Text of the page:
How do we think about famine in Somalia?

Today,the International Red Cross began an enormous distribution of aide to one million people in famine zones in Somalia — the country with the highest malnutrition level in the world. The Red Cross is targeting areas controlled by Islamic militants; but will this kind of aide distribution be the solution to the 30,000 (and growing) people dying each day of famine?

Yes, al-Shabaab (Somalia’s largest Islamist militant group, which is currently fighting to overthrow the current transitional federal government) has been blocking foreign aide and exacerbating the humanitarian crisis. Yes, it theoretically makes sense to give food directly to those areas most affected by such a group. However, the notion that Red Cross aide and other foreign aide continue to propagate is that throwing money at the problem will somehow fix it.

The way western media is portraying this crisis, and the way western organizations are addressing it, are using terms that obscure the very man-made factors that created the crisis in the first place. The sad truth is that chronic malnutrition has been around for a while, that Somalians have been living in a warring country — between a transitional government, backed by Western nations and African Union troops, and Islamist opposition groups, like al-Shabaab — for twenty years.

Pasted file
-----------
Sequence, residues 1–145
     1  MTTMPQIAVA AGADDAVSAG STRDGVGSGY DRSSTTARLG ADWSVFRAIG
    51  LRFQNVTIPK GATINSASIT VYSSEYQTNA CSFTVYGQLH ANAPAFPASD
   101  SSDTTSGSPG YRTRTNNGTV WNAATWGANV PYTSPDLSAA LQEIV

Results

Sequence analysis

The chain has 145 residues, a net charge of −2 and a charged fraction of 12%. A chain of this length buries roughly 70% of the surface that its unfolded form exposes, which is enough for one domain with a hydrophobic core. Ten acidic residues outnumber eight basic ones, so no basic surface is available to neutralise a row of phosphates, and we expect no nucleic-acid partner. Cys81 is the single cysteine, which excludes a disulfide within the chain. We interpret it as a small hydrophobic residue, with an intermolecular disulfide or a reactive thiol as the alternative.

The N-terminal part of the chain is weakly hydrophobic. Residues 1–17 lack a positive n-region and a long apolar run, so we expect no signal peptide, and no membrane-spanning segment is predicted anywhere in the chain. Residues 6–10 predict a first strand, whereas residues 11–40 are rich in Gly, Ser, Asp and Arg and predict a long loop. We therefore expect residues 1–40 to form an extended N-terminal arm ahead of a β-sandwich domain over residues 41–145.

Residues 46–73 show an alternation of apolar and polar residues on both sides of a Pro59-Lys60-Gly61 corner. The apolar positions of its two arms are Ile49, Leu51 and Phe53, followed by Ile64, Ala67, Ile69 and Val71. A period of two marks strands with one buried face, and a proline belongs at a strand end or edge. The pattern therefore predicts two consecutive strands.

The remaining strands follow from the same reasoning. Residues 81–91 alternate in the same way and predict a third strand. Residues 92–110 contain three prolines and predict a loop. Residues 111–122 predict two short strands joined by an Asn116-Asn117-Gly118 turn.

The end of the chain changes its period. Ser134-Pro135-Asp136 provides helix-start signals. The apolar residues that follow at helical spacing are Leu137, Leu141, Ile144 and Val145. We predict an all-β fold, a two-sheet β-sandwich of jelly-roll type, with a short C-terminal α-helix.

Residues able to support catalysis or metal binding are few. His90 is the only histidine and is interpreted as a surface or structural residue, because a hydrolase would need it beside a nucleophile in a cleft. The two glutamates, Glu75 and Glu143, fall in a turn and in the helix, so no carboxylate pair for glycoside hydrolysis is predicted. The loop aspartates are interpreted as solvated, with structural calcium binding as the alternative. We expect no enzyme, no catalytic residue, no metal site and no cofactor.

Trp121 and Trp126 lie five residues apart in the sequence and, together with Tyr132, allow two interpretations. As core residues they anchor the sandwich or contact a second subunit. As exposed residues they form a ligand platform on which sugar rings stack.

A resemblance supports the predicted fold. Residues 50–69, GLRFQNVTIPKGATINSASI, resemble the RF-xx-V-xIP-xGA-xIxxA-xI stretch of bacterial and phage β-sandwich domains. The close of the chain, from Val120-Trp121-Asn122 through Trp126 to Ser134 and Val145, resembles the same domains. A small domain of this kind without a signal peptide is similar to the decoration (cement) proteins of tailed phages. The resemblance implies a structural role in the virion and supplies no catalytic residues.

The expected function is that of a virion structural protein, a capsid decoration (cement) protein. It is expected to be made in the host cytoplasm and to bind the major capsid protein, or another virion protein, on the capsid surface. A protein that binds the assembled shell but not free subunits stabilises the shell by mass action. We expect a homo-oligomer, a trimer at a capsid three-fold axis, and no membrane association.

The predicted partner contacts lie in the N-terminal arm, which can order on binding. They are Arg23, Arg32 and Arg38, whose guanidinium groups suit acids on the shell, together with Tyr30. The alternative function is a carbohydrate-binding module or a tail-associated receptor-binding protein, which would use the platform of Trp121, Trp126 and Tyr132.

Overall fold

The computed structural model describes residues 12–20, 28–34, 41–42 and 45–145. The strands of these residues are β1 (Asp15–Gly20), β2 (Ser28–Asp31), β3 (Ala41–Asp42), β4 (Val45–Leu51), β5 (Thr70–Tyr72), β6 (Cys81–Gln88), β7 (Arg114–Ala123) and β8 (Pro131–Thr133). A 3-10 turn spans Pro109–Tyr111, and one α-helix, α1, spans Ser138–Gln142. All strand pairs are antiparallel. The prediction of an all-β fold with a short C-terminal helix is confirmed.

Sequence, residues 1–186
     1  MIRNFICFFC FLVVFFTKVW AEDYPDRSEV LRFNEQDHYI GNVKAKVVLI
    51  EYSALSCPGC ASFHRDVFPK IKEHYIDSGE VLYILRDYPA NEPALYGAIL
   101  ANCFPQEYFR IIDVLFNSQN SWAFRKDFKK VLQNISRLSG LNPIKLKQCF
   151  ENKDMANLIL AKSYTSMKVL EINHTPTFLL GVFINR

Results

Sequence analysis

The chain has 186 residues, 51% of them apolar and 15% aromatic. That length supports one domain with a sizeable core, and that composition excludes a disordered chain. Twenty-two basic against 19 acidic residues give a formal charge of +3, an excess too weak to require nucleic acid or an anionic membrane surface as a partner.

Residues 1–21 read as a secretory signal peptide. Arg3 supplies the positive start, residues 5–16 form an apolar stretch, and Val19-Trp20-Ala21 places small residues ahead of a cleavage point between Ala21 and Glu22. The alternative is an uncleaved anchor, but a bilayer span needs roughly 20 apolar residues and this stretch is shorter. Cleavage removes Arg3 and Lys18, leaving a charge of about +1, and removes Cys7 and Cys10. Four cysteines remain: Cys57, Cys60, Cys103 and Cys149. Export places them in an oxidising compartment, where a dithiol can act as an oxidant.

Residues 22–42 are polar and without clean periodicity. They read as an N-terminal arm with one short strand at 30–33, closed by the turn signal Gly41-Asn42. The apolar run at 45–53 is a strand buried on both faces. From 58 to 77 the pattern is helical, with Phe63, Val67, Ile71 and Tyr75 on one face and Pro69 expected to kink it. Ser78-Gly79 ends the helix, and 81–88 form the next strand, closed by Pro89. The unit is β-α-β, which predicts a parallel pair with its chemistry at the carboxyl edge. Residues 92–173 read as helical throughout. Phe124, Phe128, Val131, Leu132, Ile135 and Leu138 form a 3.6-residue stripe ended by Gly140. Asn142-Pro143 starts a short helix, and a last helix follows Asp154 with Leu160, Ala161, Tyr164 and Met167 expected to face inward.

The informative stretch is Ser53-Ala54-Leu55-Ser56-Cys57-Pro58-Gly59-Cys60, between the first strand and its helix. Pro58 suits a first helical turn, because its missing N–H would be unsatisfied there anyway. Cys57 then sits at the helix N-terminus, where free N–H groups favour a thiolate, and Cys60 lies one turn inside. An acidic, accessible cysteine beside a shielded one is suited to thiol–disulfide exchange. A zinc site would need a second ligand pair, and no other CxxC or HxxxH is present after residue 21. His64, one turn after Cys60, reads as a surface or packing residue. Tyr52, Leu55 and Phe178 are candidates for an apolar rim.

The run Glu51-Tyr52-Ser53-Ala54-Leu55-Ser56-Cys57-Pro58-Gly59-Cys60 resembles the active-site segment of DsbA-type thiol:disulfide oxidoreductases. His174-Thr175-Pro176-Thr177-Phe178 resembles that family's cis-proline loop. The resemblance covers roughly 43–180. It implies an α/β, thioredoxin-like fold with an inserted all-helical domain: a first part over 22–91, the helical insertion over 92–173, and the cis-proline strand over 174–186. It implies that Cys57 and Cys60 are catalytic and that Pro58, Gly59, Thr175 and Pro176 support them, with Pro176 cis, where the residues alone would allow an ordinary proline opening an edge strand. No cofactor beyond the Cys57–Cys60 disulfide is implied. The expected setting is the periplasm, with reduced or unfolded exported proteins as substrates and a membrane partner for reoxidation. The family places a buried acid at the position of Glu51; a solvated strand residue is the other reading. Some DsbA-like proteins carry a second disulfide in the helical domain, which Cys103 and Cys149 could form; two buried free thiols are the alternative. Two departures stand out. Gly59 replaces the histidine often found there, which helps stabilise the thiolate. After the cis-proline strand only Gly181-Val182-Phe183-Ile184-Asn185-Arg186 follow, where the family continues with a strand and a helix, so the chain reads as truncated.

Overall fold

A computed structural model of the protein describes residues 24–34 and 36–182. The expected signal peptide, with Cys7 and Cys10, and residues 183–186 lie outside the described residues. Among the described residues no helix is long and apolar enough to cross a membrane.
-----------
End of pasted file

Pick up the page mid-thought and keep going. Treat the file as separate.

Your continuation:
While food and money may be helpful in the direct, short-term sense, in the long-term, it’s necessary to examine why Somalia has had such an extraordinarily adverse history and tackle those problems head on. Perhaps long-term financial support should be given to the African Union troops, or perhaps western organizations should focus on countering the corruption that leads to so much wholesale theft of food aid. Whatever the answer may be, it is certainly not a one-time food distribution.



Filed under Africa, Human Rights

2 responses to “How do we think about famine in Somalia?

  1. Pingback: Introducing the Roosevelt Blog! – Wesleying

  2. Robert Stein

    Good piece. Right on, though one time distribution of food is not the evil (it saves lives). As you assert, it just ain’t enough.

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